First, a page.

How AI Writing Tools Are Transforming Higher Education
AI writing tools such as OpenAI’s ChatGPT have now become readily available to the general public, making waves across the globe. Buzzfeed’s stock reportedly rose over 200% upon announcing their plans to make AI-inspired content part of their core business, and Sundar Pichai, CEO of Google and Alphabet, announced that they’ll be making their “experimental conversational AI service”, Bard, available to the public.
An array of AI solutions are already being used to assist with writing theses, reports, and academic papers, having a profound impact on the higher education sector. Whether this impact is positive or potentially dangerous is still to be determined, but we can say with certainty that its role must be explored and understood as AI becomes increasingly advanced.
AI writing assistants can generate content that is largely indistinguishable from human-written text. This has set the internet ablaze with vigorous debates on whether this signals a dystopian future, an exciting opportunity for increased productivity, or elements of both. Ethan Mollick, a professor at the University of Pennsylvania’s Wharton School of Business, has said that the technology has “basically ruined homework” but also points out that it can be a valuable learning companion. Whether you’re completing your online DBA program or considering enrolling in an MBA online, you will likely soon encounter this technology in an academic setting.
In this article, we’ll take a close look at AI writing tools and their impact on higher education – the good, the bad, and the gray. We’ll also explore how students can harness AI’s potential to increase their productivity, and where using an AI writing assistant may land you in hot water for plagiarism and inaccurate information.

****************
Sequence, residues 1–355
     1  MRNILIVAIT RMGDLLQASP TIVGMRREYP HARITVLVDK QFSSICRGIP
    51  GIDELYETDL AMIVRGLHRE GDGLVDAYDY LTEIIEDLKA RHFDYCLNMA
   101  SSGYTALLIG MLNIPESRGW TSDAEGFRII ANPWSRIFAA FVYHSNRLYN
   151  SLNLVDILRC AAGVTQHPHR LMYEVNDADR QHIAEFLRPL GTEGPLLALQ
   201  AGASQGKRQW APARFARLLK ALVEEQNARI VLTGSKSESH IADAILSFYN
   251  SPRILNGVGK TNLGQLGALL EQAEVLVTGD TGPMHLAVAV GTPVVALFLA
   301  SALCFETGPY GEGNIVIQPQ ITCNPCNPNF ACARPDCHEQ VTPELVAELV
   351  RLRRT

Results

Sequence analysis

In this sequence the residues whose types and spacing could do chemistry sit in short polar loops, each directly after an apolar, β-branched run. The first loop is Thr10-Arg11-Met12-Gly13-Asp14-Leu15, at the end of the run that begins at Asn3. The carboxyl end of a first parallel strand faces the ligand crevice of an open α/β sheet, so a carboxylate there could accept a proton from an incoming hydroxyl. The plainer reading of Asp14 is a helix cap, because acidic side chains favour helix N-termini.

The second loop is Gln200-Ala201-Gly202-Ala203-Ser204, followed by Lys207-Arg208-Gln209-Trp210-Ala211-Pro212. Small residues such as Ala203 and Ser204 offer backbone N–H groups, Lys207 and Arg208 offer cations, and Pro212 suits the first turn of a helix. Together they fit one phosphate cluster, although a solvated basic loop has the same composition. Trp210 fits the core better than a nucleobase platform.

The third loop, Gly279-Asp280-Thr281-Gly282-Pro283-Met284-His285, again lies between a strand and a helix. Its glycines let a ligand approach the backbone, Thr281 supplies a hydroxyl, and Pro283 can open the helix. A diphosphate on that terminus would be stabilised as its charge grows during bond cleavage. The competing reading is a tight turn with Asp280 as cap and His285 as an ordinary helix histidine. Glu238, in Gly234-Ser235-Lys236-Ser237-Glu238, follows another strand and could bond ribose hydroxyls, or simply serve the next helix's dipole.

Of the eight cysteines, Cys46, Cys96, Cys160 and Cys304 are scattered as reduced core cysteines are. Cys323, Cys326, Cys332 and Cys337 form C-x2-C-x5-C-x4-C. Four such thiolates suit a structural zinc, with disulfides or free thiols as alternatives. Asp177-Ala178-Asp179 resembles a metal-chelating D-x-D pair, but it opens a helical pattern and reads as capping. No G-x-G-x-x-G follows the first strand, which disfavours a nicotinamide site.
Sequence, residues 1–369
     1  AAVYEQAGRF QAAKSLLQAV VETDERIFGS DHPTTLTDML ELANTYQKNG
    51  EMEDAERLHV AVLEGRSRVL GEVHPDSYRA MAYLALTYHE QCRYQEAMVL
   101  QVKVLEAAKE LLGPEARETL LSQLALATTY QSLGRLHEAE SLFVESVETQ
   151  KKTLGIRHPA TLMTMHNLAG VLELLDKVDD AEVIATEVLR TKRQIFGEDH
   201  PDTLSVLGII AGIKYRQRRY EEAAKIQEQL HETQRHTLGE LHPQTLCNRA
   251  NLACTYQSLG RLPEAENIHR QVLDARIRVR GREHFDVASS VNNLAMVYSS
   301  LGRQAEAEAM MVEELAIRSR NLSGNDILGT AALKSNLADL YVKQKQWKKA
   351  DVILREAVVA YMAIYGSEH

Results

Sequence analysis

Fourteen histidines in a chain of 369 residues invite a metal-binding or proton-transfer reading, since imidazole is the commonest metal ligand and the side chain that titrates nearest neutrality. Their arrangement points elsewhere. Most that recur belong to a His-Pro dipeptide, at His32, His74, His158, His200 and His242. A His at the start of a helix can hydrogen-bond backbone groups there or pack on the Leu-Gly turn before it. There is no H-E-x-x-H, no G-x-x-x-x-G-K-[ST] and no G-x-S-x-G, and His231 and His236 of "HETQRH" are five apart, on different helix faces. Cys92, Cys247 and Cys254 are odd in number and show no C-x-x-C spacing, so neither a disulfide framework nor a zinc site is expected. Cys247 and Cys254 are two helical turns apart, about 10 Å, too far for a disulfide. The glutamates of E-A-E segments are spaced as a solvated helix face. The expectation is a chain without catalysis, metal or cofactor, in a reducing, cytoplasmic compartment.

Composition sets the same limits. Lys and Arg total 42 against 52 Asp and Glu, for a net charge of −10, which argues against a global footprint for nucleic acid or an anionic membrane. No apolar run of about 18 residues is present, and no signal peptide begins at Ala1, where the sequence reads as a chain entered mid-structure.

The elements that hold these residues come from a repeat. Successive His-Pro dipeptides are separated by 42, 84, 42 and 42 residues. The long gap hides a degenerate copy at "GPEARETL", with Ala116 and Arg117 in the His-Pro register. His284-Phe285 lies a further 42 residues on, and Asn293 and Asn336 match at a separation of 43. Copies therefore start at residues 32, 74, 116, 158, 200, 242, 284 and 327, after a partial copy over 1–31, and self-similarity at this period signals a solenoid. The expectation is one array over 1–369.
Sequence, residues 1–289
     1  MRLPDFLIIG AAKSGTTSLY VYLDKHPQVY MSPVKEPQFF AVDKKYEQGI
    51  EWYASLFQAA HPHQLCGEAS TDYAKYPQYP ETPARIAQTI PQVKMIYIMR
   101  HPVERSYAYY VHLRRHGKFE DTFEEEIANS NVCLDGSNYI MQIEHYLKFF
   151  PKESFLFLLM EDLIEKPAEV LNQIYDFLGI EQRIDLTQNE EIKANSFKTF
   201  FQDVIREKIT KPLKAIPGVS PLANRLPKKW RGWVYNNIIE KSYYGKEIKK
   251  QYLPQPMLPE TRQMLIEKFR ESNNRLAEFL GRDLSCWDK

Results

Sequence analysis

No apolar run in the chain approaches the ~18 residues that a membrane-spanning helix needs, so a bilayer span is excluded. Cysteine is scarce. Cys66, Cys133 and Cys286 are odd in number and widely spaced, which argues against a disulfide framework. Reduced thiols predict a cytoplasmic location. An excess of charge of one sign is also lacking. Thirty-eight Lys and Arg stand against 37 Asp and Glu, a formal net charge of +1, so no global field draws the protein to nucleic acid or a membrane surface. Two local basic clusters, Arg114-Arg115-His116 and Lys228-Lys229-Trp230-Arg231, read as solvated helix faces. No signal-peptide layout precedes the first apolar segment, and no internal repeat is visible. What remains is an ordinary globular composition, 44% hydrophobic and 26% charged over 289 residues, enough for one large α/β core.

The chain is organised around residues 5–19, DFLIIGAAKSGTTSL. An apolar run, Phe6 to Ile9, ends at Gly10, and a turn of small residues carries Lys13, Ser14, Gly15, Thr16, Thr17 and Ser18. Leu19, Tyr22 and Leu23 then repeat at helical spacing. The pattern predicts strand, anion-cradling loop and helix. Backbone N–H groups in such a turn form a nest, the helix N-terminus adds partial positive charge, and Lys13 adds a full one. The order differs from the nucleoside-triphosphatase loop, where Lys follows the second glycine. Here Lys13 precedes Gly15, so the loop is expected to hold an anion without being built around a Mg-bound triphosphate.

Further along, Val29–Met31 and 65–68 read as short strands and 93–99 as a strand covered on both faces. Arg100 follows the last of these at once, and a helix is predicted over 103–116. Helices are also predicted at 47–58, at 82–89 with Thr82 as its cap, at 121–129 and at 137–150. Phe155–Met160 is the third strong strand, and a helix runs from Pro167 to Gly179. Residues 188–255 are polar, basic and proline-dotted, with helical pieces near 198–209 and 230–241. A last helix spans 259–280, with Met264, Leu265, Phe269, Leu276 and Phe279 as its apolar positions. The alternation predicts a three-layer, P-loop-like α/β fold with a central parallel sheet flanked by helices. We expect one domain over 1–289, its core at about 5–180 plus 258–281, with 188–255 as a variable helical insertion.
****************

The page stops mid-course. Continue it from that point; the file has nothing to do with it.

What is ChatGPT?
Developed by the now-renowned AI research and deployment company, OpenAI, ChatGPT is an AI writing assistant that allows users to have conversations where the chatbot can respond in a manner that is almost indistinguishable from human-written text.
This can be an invaluable tool for students who are struggling to find the time or resources necessary to write their theses. Because AI solutions like ChatGPT can quickly generate content tailored to the student’s specific needs, it allows them to focus their efforts on more critical aspects of the thesis.
Additionally, AI writing software can analyze a student’s writing and provide detailed feedback on their work structure, flow, and grammar. This can help students identify any issues with their writing, enabling them to address and rectify issues quickly and efficiently. So far, ChatGPT has been able to write songs in the style of Nick Cave, sonnets in the style of William Shakespeare, and it can even pass portions of business, law, and medical exams.